In the recent case of Geys v. Société Générale, Mr. Geys, who was employed as managing director was given a letter in November 2007 by Société Générale stating: “I am writing to notify you that Société Générale, London has decided to terminate your employment with immediate effect”. Mr. Geys was then escorted from the building and never returned to it. Despite this, the Supreme Court has ruled that his contract of employment was not terminated.
The Supreme Court found that Mr. Geys remained an employee of Société Générale until he had received “clear and unambiguous” notice that his employer was exercising its right to terminate his employment by making a payment in lieu of notice in accordance with his contract of employment. The purported termination of Mr. Geys’ employment which was not done in accordance with his contract of employment constituted a repudiatory breach of contract and as a result it was up to Mr. Geys to accept the repudiatory breach (and termination) or affirm the contract (i.e. not accept the termination). Mr. Geys initially reserved his rights and then informed his employer that he was affirming the contract. The Court held that the contract continued until Mr. Geys received a letter from Société Générale some six weeks later, informing him that they had exercised their contractual right to terminate the contract and pay him in lieu of notice. The fact he had received the payment in lieu of notice into his bank account a few weeks prior to this notification was also not a valid termination.
The period of time between the initial purported termination of Mr. Geys’ employment and the actual effective termination (approximately six weeks) was of particular financial importance as the date of termination affected the calculation of Mr. Geys’ termination payment. The later date meant that Mr. Geys was entitled to a significantly more substantial pay out (millions of Euros) than he would have received had the termination been effective at the earlier date.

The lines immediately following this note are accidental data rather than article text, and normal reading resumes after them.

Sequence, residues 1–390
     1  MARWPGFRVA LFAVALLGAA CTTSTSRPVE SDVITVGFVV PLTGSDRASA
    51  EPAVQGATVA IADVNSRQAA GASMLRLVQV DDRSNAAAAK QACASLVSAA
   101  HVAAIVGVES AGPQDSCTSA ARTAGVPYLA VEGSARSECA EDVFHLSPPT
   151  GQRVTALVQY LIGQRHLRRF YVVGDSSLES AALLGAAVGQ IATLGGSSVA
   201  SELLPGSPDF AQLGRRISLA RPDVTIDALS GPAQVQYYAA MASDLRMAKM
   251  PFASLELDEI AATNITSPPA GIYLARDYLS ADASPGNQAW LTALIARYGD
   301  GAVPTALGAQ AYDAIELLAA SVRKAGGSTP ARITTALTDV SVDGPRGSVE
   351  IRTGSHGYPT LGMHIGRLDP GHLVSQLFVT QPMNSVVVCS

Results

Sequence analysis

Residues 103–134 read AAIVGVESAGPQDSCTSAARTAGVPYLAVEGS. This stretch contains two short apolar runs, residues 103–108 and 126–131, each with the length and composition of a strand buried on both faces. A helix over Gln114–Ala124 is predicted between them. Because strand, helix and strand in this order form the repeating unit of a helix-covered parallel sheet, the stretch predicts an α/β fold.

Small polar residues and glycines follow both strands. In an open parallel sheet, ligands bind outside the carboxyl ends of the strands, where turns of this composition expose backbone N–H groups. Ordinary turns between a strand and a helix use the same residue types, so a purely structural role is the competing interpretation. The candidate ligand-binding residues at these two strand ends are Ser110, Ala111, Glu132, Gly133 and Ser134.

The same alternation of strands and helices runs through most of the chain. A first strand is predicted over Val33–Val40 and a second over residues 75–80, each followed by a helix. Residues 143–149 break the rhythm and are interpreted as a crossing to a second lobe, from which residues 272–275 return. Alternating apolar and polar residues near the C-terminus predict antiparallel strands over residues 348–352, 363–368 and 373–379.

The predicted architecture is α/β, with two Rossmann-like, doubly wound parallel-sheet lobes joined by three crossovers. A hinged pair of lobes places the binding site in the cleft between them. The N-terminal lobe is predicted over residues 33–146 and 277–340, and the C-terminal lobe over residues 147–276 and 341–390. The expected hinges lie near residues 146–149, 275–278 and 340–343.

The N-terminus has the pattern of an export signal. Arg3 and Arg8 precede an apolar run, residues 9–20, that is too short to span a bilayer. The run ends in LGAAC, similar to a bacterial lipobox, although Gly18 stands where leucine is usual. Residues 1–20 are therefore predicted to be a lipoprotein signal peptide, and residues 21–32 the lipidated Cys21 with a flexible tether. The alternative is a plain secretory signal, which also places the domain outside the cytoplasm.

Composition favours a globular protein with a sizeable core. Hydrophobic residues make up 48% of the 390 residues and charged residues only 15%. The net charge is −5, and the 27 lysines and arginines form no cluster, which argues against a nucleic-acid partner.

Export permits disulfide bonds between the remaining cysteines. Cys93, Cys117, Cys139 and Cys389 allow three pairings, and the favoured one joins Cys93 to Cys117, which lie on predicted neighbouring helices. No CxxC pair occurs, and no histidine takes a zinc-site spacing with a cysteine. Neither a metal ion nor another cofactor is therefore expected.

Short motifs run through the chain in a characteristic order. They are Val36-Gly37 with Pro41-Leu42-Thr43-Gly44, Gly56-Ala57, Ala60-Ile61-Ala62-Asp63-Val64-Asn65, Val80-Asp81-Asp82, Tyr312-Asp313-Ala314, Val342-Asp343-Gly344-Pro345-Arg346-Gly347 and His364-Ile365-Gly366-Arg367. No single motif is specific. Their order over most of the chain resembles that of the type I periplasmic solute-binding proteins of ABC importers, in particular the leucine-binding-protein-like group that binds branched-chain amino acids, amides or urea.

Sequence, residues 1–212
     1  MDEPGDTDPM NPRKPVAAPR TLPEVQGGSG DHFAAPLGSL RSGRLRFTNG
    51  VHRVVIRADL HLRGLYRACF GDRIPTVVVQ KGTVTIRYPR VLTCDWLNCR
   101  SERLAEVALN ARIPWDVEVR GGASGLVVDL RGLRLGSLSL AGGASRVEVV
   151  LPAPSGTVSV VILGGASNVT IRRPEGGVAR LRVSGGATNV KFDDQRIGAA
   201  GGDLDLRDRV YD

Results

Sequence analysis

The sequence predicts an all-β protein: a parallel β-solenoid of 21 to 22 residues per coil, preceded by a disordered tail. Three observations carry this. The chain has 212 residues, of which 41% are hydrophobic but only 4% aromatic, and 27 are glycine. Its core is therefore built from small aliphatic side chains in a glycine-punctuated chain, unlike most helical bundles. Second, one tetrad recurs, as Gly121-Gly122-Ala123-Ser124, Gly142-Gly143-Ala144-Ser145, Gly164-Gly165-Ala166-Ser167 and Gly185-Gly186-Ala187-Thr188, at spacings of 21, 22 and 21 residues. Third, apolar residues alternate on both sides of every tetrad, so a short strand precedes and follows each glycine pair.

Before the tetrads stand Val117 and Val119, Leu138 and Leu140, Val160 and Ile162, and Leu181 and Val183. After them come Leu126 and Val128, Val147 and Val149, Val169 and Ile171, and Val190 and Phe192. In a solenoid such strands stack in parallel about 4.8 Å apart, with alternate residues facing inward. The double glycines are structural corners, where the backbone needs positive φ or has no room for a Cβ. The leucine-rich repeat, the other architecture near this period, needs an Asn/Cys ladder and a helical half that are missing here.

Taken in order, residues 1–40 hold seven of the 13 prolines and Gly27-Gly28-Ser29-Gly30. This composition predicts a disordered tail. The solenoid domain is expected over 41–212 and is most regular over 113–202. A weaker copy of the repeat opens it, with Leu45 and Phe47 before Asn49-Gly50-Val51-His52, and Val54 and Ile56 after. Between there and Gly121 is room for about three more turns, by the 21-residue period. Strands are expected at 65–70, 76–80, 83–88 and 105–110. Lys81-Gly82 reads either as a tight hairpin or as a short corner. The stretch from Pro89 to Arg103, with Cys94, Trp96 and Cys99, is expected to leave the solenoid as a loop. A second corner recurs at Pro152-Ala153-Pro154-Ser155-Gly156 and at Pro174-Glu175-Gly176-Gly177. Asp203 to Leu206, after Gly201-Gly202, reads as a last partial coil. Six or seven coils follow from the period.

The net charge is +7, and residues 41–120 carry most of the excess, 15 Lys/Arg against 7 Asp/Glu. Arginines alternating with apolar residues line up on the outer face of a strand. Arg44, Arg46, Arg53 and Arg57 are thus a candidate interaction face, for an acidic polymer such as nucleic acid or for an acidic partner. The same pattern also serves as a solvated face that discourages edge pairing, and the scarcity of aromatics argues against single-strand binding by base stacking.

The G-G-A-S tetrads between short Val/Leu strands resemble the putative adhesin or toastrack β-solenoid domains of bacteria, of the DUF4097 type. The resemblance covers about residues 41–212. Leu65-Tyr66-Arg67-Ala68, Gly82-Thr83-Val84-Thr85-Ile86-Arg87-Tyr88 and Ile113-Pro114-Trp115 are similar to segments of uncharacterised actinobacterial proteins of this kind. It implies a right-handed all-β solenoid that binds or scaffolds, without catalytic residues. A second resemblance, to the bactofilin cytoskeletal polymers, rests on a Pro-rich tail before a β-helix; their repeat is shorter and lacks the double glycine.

What we must take from this is that it is critical for employers to terminate the contract of employment in accordance with the strict requirements of that contract—which is what the employer failed to do in this case. The original letter purporting to terminate his employment may have been enough from a statutory perspective to end his employment for unfair dismissal purposes (although the Supreme Court did not consider that point) but because it was not a termination in accordance with the contract, it was merely a repudiatory breach of contract (which Mr. Geys cleverly elected not to accept) and did not terminate it. In this case, the termination was recorded in writing (but just not correctly worded) but on a related note, it is relatively common for termination verbally, overlooking the fact that the contract requires written notice—following this case that would not serve to validly terminate the contract, if the employee raised the point.
The damages in Mr. Geys’ case related to the calculation date for his termination payment but in other cases they could equally apply to bonuses or stock options which would continue to vest if notice had not been properly served. Either way, these are costly cases to get wrong.
Geys v. Société Générale London Branch  UKSC 63